v. State, 659 N.E.2d 490, 494 (Ind.1995)). Having requested the trial court
to enter the robbery conviction as a class B felony, the defendant may
not assert this as error on appeal.
Furthermore, we observe that both Preliminary Instruction No. 6 and Final Instruction No.
24, even though inconsistent with respect to their language stating the statutory definition
of the robbery as a class A felony, both included an identical section
that separately enumerated the specific elements, each of which the instruction stated the
State had to prove in order to convict Booher of the charge of
robbery as a class A felony in this case. These separately enumerated
elements included both "while armed with a deadly weapon, that is: a knife,"
and "which resulted in serious bodily injury, that is, stab wounds of the
head and body, to Timothy Laflen."
See footnote Record at 126, 156. Because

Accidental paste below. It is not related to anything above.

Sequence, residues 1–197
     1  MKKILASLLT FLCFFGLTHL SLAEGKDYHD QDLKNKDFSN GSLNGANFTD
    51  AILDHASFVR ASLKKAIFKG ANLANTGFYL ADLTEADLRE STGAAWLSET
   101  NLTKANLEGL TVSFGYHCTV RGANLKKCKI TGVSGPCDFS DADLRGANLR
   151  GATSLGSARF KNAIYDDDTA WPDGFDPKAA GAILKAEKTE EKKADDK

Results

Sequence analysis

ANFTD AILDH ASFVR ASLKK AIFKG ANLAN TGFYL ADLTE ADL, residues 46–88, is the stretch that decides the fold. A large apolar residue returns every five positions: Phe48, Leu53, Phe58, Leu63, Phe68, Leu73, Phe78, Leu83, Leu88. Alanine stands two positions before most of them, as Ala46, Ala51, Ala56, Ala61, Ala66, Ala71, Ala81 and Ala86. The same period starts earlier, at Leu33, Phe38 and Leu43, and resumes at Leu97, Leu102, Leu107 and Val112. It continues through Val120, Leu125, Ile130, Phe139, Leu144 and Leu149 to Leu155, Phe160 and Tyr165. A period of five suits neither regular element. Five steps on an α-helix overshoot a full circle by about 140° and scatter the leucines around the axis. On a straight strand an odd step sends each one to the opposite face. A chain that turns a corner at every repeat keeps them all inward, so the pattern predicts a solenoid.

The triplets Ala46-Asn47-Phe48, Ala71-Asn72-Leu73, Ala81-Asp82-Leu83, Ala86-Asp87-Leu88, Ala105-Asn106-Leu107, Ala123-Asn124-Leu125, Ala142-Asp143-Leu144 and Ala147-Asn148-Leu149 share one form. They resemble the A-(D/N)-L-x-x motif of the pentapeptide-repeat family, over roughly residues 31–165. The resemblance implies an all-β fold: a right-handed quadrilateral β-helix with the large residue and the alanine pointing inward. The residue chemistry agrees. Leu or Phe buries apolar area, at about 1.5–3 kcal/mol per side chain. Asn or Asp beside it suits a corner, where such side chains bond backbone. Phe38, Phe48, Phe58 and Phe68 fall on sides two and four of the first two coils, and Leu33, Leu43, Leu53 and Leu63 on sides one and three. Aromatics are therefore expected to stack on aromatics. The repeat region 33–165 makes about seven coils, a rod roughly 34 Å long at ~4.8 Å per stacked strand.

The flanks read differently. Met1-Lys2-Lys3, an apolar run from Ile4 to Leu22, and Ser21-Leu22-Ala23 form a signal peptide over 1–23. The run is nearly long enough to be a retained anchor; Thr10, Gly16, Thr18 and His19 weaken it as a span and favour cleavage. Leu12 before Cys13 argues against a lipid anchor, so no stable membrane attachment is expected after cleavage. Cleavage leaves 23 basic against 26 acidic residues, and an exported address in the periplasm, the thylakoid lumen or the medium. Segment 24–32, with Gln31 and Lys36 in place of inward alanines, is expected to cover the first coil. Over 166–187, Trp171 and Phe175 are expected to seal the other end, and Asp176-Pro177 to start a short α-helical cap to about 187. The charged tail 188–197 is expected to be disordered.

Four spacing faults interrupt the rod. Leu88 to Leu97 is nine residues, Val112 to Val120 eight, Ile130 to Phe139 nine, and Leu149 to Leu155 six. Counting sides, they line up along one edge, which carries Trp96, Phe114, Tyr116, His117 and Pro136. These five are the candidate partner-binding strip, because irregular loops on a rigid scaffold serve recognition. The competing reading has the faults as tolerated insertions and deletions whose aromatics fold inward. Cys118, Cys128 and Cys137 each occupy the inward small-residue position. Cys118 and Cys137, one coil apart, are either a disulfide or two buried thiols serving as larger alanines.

the jury returned a guilty verdict on this count, we are assured that
the jury found proven beyond a reasonable doubt that the robbery was committed
while armed with a deadly weapon, thus constituting robbery as a class B
felony. Ind.Code §35-42-5-1.
The defendant further argues that, because the two challenged instructions erroneously used the
disjunctive language from the general statutory definition of the class B felony (
armed with a deadly weapon or resulting in bodily injury), it is possible
that the prerequisite finding for the class B felony may have derived from
the jury's finding of "results in bodily injury" rather than "while armed with
a deadly weapon." Looking only to this language, the defendant's conviction for
murder would be based on the same harm that forms the basis of
the class B robbery conviction, contrary to our rules of statutory construction and
common law principles recognized in Pierce v. State, 761 N.E.2d 826, 830 (Ind.